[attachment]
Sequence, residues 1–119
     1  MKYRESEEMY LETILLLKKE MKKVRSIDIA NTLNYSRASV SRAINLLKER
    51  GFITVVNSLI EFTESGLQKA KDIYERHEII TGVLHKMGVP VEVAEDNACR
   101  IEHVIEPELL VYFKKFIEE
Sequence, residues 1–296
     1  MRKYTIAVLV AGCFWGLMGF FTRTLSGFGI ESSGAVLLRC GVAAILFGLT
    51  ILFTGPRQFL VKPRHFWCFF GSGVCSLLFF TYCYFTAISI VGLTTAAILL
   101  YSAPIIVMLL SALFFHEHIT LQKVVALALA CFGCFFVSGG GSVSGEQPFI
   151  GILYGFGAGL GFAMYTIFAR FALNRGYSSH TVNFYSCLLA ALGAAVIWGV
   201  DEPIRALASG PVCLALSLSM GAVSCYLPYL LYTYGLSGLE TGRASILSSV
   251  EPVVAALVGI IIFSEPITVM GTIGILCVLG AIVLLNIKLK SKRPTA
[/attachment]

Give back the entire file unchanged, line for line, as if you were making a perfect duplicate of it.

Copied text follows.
Sequence, residues 1–119
     1  MKYRESEEMY LETILLLKKE MKKVRSIDIA NTLNYSRASV SRAINLLKER
    51  GFITVVNSLI EFTESGLQKA KDIYERHEII TGVLHKMGVP VEVAEDNACR
   101  IEHVIEPELL VYFKKFIEE
Sequence, residues 1–296
     1  MRKYTIAVLV AGCFWGLMGF FTRTLSGFGI ESSGAVLLRC GVAAILFGLT
    51  ILFTGPRQFL VKPRHFWCFF GSGVCSLLFF TYCYFTAISI VGLTTAAILL
   101  YSAPIIVMLL SALFFHEHIT LQKVVALALA CFGCFFVSGG GSVSGEQPFI
   151  GILYGFGAGL GFAMYTIFAR FALNRGYSSH TVNFYSCLLA ALGAAVIWGV
   201  DEPIRALASG PVCLALSLSM GAVSCYLPYL LYTYGLSGLE TGRASILSSV
   251  EPVVAALVGI IIFSEPITVM GTIGILCVLG AIVLLNIKLK SKRPTA